Simnikiwe Hlatshaneni
Premium Journalist
2 minute read
2 Oct 2018
12:32 pm

Cele to address Westbury amid claims that ANC ‘doesn’t care about coloured people’

Simnikiwe Hlatshaneni

Riots broke out in the crime ridden community after the death of a 41-year-old woman in a hail of bullets last week Thursday.

Members of the Westbury community wait for minister of police Bheki Cele at the stadium in Westbury. Picture: Simnikiwe Hlatshaneni.

SAPS and Metro Police presence was heavy on Tuesday morning at the Sophiatown police station in Westbury where Police Minister Bheki Cele was believed to be awaiting a meeting with local authorities and community leaders.

This comes after riots had broken out in the crime-ridden community after the death of a 41-year-old woman in a hail of bullets last week Thursday.

Residents were demanding that government look into allegations of corruption at the local police station. They claimed that drug dealers paid certain police officers off and police deliberately turned a blind eye to the scourge of rampant drug dealing, related murders, and turf wars which have made headlines since the year before.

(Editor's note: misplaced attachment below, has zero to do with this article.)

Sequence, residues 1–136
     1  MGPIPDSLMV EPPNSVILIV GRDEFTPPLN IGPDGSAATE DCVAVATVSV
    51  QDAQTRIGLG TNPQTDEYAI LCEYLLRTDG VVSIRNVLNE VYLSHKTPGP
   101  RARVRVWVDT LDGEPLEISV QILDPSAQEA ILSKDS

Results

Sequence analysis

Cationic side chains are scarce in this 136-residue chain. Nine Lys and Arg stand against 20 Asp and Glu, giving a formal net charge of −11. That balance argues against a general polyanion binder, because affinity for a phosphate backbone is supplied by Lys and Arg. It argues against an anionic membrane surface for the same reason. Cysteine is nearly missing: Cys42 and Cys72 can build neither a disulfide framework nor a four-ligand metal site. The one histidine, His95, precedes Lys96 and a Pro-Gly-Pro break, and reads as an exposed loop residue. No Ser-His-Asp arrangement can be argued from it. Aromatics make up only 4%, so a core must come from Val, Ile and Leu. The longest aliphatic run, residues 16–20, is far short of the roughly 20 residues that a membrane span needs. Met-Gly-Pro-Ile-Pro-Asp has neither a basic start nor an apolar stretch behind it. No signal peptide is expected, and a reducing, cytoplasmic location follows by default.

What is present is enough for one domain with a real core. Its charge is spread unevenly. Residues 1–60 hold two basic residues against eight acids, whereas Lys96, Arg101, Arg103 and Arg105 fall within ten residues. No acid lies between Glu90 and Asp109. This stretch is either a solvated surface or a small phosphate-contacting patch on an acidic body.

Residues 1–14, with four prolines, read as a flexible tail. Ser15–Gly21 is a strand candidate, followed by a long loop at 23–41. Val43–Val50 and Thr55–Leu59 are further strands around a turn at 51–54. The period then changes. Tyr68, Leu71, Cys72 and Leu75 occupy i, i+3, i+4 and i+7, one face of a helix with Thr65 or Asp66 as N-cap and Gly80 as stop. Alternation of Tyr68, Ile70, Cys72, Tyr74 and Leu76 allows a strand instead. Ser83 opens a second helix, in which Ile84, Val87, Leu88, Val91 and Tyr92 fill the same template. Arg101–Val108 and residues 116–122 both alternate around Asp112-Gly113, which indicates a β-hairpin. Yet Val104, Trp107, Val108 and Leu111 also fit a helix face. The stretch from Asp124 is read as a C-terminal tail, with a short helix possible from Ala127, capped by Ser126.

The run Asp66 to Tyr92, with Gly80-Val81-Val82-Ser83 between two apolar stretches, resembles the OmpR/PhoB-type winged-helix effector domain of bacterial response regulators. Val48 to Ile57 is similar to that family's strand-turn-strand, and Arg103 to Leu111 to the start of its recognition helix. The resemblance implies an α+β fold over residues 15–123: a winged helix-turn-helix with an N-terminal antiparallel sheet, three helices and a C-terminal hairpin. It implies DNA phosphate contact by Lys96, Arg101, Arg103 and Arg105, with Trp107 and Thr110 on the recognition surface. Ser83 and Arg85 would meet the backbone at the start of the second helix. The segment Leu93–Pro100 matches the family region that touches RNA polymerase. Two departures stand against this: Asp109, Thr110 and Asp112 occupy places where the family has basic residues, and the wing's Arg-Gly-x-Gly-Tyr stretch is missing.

On Monday night a Rea Vaya Station was destroyed with most of the glass walls smashed allegedly by community members. In a video seen by The Citizen, gunshots can be heard in the distance and a group of young men throw objects and break the glass panels.

PICS: Cele listens to violence-torn Westbury, meeting set down

While Cele heeded the communities call to address them after they threatened not to back down, some residents said the violence was still not likely to end. Outside the police station, officers were pleading with angry residents to wait for Cele at the police station.

The Citizen reported on Monday that protestors had vowed not to back down despite the provincial police department agreeing to investigate allegations of police corruption and address their concerns over rampant drug-related crimes.

“The ANC government doesn’t care about coloured people,” a member of a crowd on Fuel Road was heard shouting as South African Police Service (Saps) and metro police nyalas patrolled the area.

Officers intermittently fired shots in retaliation to bottles and rocks being thrown at them from across the road.

Residents highlighted various issues which they said the government had ignored, including a drug turf war which has seen at least 40 people killed this year, according to some residents.

Community members also accused police in the area of colluding with drug dealers and accepting bribes and said the ANC government had abandoned coloured communities.


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